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By J on Jan. 5 2007
Format: Audio CD
The way this album opens is strangely similar to the title of the album; "Bone Machine". Indeed, when "Earth Died Screaming" begins to fade in, the first thought I had was "wow.....that sounds like rattling bones!" This is one of Tom Waits' stream-of-consciousness monlogues songs, with odd, yet very solid and interesting rythm backing him. The next track, "Dirt In the Ground", is one of my favorite tracks on the album. I've always found that the flow in which Waits delivers his lyrics contributes significantly to the rythm of the song, and that is evident on this track. I find it to be very touching, with Tom using his self-described (tounge-in-cheek) "Prince voice", a higher register of his raspy vocals. This leads to a series of lesser tracks which I can only say I appreciate for their rythm, and "Who Are You" does have a nice melody.

After that, we have another of Waits' experimental pieces, similar to "9th & Hennepin" from Rain Dogs and "What's He Building" from Mule Variations. I have always enjoyed this piece, and it does especially suit the lyrics of the song (which, personally, I found mildly disturbing). Next, we have a stripped-down, gospel-blues number called "Jesus Gonna Be Here", in which Waits returns partially to his "Prince voice". I really like the rythm and vibe of this song, which I have tried to capture in one of my own recordings. "A Little Rain" I find very beutiful, especially the verse which goes "....she was 15 years old, and she'd seen the ocean.....she climbed into a van, with a vegabond.....and the last thing she said, was "I love you, mom"......and A Little Rain never hurt no one...." Personally, this brings to mind 1960's southern California, in which a young girl is climbing into the back of a van with some shady characters, while storm clouds loom near by.
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Format: Audio CD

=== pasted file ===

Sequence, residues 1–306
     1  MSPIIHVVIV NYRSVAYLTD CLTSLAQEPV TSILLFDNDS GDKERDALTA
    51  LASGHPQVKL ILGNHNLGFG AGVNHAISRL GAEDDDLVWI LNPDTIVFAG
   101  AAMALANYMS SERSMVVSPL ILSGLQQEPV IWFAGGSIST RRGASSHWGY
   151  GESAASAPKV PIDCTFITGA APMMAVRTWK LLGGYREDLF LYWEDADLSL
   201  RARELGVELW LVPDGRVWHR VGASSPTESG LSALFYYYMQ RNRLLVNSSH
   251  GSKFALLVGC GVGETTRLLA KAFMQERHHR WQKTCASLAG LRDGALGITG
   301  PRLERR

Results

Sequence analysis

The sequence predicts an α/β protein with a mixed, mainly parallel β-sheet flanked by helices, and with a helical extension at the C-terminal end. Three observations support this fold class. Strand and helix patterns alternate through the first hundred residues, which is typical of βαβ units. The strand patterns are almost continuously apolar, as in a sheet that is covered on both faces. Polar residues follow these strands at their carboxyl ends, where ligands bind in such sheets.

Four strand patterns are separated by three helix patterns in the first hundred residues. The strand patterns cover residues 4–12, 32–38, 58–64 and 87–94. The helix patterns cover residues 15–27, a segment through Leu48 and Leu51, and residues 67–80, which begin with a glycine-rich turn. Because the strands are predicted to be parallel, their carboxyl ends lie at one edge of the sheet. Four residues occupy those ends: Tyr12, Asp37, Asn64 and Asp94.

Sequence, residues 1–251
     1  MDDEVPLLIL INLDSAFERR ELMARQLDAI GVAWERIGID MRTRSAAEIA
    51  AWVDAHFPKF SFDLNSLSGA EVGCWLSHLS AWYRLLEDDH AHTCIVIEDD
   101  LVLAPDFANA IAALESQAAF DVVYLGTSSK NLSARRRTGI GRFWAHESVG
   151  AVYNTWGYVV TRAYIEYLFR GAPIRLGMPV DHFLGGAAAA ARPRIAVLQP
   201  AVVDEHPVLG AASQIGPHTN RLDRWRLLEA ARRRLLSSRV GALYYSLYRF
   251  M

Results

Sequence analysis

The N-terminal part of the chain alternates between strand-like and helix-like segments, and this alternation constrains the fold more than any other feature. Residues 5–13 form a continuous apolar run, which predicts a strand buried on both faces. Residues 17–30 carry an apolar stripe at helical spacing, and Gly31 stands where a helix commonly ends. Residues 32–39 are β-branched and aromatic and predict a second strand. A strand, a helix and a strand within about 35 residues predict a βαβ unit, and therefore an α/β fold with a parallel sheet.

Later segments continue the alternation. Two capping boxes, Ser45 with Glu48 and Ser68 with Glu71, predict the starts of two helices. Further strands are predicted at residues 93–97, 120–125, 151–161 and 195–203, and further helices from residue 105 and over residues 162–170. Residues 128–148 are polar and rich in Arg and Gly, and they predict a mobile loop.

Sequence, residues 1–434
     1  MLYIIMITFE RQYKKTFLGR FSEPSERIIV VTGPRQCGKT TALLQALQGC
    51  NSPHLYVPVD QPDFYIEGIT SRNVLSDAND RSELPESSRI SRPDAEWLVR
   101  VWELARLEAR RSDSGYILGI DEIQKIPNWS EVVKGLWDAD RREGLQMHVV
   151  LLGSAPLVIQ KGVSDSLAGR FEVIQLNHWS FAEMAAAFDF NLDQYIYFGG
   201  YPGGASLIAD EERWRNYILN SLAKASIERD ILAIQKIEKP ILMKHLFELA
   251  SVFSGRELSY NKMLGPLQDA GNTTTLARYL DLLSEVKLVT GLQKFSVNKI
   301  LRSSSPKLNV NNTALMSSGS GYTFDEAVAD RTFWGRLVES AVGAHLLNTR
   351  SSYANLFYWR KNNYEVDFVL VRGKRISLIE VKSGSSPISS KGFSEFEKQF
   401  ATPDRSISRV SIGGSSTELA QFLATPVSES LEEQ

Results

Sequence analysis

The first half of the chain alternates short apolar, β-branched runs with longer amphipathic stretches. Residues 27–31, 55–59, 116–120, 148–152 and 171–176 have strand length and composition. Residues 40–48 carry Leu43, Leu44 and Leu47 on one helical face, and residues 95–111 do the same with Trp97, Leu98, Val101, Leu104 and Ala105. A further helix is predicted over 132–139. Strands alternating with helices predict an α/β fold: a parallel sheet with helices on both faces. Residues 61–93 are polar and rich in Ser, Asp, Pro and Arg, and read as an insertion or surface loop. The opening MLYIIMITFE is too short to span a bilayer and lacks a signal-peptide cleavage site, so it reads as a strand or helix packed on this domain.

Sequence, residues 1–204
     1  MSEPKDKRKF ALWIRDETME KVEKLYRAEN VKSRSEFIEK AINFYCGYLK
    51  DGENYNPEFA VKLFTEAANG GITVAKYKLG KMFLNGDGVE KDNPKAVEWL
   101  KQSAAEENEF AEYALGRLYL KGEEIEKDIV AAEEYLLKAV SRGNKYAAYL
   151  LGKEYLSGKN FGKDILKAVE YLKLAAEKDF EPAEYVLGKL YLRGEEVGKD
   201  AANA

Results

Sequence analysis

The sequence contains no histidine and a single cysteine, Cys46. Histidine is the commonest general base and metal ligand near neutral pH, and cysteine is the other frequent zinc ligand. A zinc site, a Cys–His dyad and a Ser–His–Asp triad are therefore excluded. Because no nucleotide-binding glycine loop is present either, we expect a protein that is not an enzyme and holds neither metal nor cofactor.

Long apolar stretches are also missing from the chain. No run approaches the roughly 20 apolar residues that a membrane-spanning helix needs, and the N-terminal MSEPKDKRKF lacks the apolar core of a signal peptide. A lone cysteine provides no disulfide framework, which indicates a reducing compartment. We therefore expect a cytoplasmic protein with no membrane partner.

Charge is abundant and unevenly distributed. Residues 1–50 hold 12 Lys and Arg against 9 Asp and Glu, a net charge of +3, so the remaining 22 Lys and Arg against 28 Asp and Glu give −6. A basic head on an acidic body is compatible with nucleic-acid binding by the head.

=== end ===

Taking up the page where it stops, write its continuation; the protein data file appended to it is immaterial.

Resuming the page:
This was my first taste of Tom Waits (I've since got some other of his albums) and I have to say that this is one of the absolute finest albums I have ever heard. At times sad and delicate, other times loud, in your face and purposely devoid of melody, Bone Machine is an experimental, eclectic album that is unlike anything else I've discovered. There are elements of rock, blues and jazz (not instrumental jazz), but this is still unique and impossible to pigeon-hole into a particular genre.
The album opens with Earth Died Screaming, and loud, wierd and apocalyptic song that gives you a good impression of what is to come. The lyrics deal with the end of the world, only Waits is too busy thinking of his lover to notice ("The Earth died screaming while I lay dreaming - dreaming of you"). In essense though, the track is very representative of the experimental nature of the album and Waits incredible lyrics. When I say that Waits is perhaps the best lyricist I've ever heard, I am not exagerating. When coupled with Waits unique voice, at times shaky and emotional and at other times fierce and haunting, some of the greatest music I've ever heard is created.
The album is certainly not repetitive either, nor does it outstay its welcome. Earth Died Screaming, Jesus Gonna Be Here, In The Colloseum and Murder In The Red Barn are all loud, sometimes atonal percussion lead tracks with Waits growling and spitting out bizzare and sometimes scary imagery. All Stripped Down, Such A Scream, Going Out West and I Don't Wanna Grow Up are bluesy rock songs that make you want to bang your head (incidentally, Going Out West was the only other non-electronic track alongside The Pixies' Where Is My Mind used in the Fight Club soundtrack).